Weather Stations Available for Farmer Use

Washington network offers local reports.

Published on: Nov 22, 2013

While Washington State University's far-reaching AtWeatherNet stations and services are no stranger to the state's farmers, who use the system regularly, now there are four new weather stations in the system to expand the reach even further.

The newcomers will provide wheat farmers and plant breeders with insights into the influence of weather patterns on wheat production in the area of eastern Washington.'

The WSU stations were installed near Harrington, Hartline, LaCrosse and Garfield in Washington.

The Washington Grain Commission helped finance the new wheat region stations in the AgWeatherNet system directed by WSU's Gerrit Hoogenboom, who notes that there are now nearly 145 such weather stations throughout the state, as well as four in neighboring fields of Oregon. By the end of the year, a total of 150 such stations are expected to be operational, says Hoogenboom.

Washingtons latest new AgWeatherNet stations are placed in eastern wheat farm areas.
Washington's latest new AgWeatherNet stations are placed in eastern wheat farm areas.

WSU wheat breeder Mike Pumphrey is eager to have additional weather and climate information from the eastern part of the state which is a major wheat production area. Researchers and growers will benefit from information on how weather impacts wheat production and quality, he says.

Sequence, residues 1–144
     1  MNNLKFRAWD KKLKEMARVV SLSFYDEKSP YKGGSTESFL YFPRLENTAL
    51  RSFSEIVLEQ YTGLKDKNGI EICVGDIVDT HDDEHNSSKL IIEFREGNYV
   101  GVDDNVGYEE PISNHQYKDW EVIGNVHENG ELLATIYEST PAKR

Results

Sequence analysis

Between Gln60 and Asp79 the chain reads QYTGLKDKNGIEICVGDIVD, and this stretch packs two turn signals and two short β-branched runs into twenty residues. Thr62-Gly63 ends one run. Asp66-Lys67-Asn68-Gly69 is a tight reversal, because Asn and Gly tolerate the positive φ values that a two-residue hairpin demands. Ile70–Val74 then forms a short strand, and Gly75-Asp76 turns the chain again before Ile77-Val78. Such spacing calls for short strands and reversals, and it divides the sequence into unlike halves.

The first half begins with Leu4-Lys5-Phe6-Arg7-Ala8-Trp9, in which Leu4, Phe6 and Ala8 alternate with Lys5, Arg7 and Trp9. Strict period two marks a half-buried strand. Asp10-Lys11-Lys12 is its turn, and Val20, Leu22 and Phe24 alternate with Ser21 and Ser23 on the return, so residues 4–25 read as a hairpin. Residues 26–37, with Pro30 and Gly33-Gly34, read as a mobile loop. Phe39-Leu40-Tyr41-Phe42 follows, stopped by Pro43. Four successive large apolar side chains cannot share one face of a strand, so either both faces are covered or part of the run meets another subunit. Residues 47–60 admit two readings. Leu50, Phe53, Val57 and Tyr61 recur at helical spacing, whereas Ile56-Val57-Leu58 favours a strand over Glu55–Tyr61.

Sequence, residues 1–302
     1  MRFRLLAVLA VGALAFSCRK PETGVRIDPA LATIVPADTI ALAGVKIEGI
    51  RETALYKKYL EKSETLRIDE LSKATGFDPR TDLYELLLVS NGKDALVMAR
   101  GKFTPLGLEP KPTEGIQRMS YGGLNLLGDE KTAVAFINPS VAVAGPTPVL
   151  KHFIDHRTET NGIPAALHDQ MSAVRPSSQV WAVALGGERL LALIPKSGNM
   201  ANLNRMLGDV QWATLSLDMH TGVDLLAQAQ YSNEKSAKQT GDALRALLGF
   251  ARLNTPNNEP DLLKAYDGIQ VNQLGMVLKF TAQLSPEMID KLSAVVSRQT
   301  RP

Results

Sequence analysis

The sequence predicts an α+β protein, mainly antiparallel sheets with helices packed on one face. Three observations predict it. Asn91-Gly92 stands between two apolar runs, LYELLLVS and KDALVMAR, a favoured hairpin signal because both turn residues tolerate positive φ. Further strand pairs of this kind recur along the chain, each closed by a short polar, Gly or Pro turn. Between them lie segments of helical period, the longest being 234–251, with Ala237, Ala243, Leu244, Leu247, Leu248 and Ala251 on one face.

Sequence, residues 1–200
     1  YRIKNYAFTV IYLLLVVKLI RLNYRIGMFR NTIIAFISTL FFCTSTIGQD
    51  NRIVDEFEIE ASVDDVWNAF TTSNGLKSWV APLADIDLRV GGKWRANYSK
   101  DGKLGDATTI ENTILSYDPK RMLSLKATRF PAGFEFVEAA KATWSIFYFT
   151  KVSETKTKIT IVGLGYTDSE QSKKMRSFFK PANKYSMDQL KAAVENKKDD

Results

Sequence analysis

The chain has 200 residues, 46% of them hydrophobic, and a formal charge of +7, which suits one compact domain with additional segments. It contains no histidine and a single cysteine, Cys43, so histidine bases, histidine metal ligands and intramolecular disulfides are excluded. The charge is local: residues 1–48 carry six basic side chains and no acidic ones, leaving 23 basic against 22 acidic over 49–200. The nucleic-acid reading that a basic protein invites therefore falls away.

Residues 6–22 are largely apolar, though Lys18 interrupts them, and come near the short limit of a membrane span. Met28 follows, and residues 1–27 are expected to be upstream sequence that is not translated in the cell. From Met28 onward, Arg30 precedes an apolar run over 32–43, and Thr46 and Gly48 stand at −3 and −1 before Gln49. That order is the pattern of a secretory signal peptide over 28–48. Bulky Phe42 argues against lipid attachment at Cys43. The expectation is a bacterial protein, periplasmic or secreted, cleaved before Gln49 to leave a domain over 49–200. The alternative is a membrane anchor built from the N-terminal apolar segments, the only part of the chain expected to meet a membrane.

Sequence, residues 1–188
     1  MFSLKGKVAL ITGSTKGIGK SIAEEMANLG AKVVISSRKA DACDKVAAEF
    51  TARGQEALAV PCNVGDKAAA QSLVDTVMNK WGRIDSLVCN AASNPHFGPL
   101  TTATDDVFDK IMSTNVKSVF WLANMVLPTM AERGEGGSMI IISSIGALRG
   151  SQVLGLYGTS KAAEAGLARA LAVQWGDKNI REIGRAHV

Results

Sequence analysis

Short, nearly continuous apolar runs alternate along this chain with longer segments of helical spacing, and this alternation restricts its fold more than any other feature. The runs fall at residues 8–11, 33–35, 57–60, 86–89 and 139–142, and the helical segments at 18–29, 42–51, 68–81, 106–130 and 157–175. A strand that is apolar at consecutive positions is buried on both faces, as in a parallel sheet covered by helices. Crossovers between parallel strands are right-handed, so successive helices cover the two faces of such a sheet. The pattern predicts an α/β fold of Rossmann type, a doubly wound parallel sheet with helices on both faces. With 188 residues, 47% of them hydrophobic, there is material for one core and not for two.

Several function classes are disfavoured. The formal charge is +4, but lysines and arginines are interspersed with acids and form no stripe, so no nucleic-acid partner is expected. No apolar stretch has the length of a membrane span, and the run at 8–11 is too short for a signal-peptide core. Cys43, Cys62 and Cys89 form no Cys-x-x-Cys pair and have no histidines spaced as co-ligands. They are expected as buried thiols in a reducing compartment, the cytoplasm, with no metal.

"Many diseases and traits are influenced by weather and the environment," says Pumphrey. "Accurate information will allow us to gain a better understanding of drought tolerance, heat tolerance and other wheat productivity traits."

And in turn the information may be incorporated into what new varietal characteristics are important to different weather regions in Washington.

Weather stations have become an important computer link for farmers who can discover the past patterns and current temperatures, wind velocities, etc., to help them make  planting, spraying and harvesting decisions.

For information about the new AgWeatherNet stations and associated decision support tools and models in your area, visit http://weather.wsu.edu/awn.php.

For the latest statewide AgWeatherNet weather  outlook  from meteorologist Nic Loyd, visit http://weather.wsu.edu/awn.php?page=awn_outlook.

For an AgWeatherNet recap of October's weather statewide, see http://news.wsuedu/2013/11/13/pleasant-october-weather-blown-away-on-the-28th/#.UoPHnJHTmfA.